As you all know, the Sibert is given for the best ALSC-age “Informational” book, such as the new CC standards deal with “information” literacy. So why that choice of term? In one way we might grant the ALSC committee that created the Sibert with an astute awareness of the problem with the world “nonfiction” — that singular example of defining a genre by what it is not. But why “information,” and what does that imply? I ask because I was in a wodnerful public school the other day browsing through its clean, well-stocked NF shelves, and feeling increasingly depressed. The sinking feeling came because I realized the shelves were packed with information, and thus not, as I see it, nonfiction. In a sense that section of the library was a print version of a database designed to answer “identify and define” questions.
What is addiction? Name five famous Hispanic Americans. Why are there hurricanes in August? Answers to questions like these were easily at hand in the hundreds of books on these shelves — all short, llustrated, and designed for wasy access to the answers you wanted. In a sense they were a report-help-machine, all lined up like soldiers ready to march into battle to help the student do the minimum of work to get a good grade. That is fine, we need resources like that — I rushed to use their equivalents when I was in middle school. But that is a very small subset of nonfiction. It would be as if equated the shop where you buy worms and select flies with fishing — and skipped the whole part of being in the water, matching wits with the fish, using skill, strength, patience to — as an author whom I no longer recall once said — “catch a surprise.”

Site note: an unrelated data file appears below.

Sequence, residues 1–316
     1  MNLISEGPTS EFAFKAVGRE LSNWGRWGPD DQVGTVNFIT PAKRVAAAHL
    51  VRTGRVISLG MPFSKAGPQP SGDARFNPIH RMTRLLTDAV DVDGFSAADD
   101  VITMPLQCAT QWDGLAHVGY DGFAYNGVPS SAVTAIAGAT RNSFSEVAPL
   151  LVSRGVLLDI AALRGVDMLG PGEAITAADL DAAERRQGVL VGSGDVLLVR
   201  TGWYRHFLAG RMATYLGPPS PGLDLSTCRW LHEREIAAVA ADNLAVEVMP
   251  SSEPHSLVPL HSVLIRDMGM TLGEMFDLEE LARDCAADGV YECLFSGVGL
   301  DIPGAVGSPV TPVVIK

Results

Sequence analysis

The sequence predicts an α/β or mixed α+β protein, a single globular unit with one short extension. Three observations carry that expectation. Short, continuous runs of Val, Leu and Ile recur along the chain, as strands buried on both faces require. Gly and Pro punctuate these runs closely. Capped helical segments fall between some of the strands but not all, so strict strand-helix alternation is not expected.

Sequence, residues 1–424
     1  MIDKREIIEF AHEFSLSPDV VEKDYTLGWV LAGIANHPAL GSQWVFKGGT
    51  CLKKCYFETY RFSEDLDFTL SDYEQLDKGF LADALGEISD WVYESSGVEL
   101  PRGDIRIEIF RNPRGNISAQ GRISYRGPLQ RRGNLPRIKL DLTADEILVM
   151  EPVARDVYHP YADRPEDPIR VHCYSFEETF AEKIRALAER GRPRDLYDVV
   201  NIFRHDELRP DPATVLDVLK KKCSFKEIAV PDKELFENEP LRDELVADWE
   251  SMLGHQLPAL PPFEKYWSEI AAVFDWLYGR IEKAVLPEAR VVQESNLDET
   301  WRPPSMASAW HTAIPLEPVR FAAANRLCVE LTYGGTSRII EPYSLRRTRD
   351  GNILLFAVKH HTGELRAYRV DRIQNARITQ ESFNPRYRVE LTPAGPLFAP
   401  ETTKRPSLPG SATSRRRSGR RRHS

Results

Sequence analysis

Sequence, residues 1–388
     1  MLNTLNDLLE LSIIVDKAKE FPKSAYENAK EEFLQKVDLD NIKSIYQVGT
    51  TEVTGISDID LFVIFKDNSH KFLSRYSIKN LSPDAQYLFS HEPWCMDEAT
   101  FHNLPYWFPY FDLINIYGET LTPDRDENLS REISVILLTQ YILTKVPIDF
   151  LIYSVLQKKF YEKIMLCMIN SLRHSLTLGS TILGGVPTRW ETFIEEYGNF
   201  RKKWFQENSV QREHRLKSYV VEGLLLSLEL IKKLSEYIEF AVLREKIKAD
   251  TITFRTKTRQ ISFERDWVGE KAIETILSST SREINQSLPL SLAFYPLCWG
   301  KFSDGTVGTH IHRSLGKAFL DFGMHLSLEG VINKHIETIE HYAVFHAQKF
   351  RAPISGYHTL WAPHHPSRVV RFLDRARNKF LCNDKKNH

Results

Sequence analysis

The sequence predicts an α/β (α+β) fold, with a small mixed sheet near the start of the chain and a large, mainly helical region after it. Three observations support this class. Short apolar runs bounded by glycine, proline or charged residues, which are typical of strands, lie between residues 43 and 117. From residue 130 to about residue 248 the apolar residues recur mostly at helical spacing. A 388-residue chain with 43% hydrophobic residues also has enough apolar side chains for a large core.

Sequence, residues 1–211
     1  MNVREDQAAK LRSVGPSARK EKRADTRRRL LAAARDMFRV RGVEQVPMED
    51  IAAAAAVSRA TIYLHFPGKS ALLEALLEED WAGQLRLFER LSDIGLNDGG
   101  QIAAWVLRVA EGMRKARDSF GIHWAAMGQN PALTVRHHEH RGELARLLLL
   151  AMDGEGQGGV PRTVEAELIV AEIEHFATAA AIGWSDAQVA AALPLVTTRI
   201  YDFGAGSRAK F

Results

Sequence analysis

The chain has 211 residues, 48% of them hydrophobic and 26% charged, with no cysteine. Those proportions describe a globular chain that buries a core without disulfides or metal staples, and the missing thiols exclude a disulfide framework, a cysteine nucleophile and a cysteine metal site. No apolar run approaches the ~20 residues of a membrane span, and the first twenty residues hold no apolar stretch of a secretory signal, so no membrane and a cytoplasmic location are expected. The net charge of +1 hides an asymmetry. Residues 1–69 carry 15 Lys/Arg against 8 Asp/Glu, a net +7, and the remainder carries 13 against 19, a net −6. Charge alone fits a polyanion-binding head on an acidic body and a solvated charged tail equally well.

To me nonfiction (whatever we call it) is about the hunt, it is about thinking, using your mind, your knowledge, your intuition, your skill to learn — you the author, you the reader. It is a detective story, it is therapy, it is forensics, it is science, it is, as Myra says, “inquiry.” Information may be your goal, just as you set out at 4 in the morning to catch a fish. But the experience, the process, is fishing. So our books are not “informational” — as if they presented settled knowledge that exists outside and we capture, dead on a plate. Rather our books are the hunt to learn, to find out, to discover.
So I suggest we call them Discovery books, and the CC should test Investigational Literacy — getting the tools, skills, patience, and hardihood to be a good scout. What do you think?